[concurrency-interest] j.u.c.Phaser tutorial?
davidcholmes at aapt.net.au
Mon Aug 1 16:27:57 EDT 2011
Not sure what you mean by "the end". The main thread calls
arriveAndDeregister to allow the first release of the barrier to occur while
at the same time removing itself from future cycles of the barrier (so the
main processing loops only require the N worker threads to meet at the
barrier). If the main thread didn't deregister then the N worker threads
would block at the barrier waiting for a non-existent N+1 thread to turn up.
From: Ashwin Jayaprakash [mailto:ashwin.jayaprakash at gmail.com]
Sent: Tuesday, 2 August 2011 6:06 AM
To: dholmes at ieee.org
Cc: concurrency-interest at cs.oswego.edu
Subject: Re: [concurrency-interest] j.u.c.Phaser tutorial?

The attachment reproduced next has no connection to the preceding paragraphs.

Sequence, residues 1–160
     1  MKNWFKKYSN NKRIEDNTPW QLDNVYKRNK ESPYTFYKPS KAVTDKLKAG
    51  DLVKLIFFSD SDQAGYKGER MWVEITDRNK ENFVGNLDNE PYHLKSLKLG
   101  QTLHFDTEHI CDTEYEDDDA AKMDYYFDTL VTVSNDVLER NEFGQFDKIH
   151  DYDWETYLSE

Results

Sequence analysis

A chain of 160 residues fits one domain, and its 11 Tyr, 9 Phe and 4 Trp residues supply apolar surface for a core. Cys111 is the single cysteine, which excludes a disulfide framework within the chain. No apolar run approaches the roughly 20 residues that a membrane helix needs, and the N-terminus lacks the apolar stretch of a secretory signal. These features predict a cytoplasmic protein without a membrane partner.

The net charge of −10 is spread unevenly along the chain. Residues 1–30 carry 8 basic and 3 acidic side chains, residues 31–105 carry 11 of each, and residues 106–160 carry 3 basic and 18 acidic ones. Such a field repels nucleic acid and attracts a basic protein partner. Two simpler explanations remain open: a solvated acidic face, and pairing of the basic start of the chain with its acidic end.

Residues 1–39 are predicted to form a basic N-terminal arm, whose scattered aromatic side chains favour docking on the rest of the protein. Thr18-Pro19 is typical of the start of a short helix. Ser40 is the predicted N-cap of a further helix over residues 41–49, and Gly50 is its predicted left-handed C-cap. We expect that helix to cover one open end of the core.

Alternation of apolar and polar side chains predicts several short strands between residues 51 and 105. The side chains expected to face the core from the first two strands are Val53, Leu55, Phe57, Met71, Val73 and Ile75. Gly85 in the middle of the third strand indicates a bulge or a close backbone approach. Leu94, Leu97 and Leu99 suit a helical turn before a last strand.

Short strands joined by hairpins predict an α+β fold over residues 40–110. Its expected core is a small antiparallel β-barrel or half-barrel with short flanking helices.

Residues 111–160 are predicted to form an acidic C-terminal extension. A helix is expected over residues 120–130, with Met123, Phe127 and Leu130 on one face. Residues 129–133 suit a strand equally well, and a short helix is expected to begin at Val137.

Why doesn't the main thread just call arrive() at the end? I guess only
for clarity - to show that only x worker threads (minus 1 starter thread)
are required for the processing.
On Sun, Jul 31, 2011 at 3:47 PM, David Holmes <davidcholmes at aapt.net.au>
> I learned later that the arriveAndDeregister() method makes sense only
when you create a hierarchy of phasers
Not so. arriveAndDeregister is typically used by the main thread when
the phaser acts as both a cyclic barrier and a starting latch. You create
the phaser for N+1 threads and have all workers wait on the phaser in a
loop. The main thread is needed to release the phaser the first time so that
all workers have been created but thereafter is not needed so it can arrive
-------------- next part --------------
An HTML attachment was scrubbed...
More information about the Concurrency-interest